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Face shields 3D-printed at Boise State are helping on the ground at Gorongosa

Rangers at Gorongosa wearing Boise State-made face shields
Rangers at Gorongosa wearing face shields 3D-printed at Boise State, photo provided by Greg Carr

The Boise State community has deep roots at Gorongosa National Park in Mozambique. Researchers, students and community members have worked there for many years through the Gorongosa Restoration Project to support the preservation of the park and its biological treasures.

As part of the large-scale volunteer effort that began on campus earlier this spring to 3D print face shields to protect against the the Corona virus, the university provided 200 shields to the park for use by rangers, healthcare workers in surrounding communities and others.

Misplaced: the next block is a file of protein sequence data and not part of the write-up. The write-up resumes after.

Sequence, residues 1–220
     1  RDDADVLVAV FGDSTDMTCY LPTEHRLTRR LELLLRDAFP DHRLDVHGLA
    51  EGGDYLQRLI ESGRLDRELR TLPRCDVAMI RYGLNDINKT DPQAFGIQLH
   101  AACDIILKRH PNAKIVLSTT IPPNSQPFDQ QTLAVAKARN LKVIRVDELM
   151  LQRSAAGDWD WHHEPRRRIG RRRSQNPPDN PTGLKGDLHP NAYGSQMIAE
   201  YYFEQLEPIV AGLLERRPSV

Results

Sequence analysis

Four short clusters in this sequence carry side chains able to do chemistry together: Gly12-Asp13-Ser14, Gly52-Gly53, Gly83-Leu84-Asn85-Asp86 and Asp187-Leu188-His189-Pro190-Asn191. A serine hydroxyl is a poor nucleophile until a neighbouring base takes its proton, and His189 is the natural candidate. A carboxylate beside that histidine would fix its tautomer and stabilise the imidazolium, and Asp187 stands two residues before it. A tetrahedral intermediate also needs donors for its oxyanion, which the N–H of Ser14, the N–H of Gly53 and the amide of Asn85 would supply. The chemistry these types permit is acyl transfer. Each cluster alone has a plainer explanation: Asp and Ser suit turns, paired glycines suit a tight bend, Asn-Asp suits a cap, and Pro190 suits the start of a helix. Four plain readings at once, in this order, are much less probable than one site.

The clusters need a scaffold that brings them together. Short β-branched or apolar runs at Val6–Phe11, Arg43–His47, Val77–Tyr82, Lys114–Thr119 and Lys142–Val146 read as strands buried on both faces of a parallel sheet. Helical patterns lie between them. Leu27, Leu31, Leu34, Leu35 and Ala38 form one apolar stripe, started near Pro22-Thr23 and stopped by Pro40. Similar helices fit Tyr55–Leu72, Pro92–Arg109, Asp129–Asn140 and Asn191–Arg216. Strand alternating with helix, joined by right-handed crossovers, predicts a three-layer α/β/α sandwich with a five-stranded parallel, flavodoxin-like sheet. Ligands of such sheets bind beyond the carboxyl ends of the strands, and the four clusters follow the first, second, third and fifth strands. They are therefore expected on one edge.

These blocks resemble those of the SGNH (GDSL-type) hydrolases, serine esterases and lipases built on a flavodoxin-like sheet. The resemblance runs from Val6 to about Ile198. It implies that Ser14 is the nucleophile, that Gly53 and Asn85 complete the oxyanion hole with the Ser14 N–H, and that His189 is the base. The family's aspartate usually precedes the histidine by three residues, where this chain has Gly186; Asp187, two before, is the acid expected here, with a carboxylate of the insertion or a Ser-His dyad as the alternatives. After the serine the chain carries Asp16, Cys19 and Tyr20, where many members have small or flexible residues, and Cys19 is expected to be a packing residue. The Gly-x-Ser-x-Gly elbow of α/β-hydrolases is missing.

“It is true that a virus can spread around the world,” said Michel Sousa, a Mozambican student who is pursuing a career in public health at Boise State. “But an act of kindness will also spread. Boise State is helping us protect 200 caregivers in Mozambique who in turn will help tens of thousands of people.”

Amy Vecchione, an associate professor and head of emerging technologies and experiential learning at Albertsons Library, headed the volunteer 3D-printing effort. Vecchione shared the image of the Gorongosa rangers sent by Greg Carr.

“Note, they are also wearing face masks,” said Vecchione. “This is because the shields protect them from illness, and the masks protect others.”

Carr, an Idaho philanthropist is president of the Gorongosa Project and recipient of a 2015 honorary doctorate from Boise State for his humanitarian work. Learn more about Carr and Gorongosa: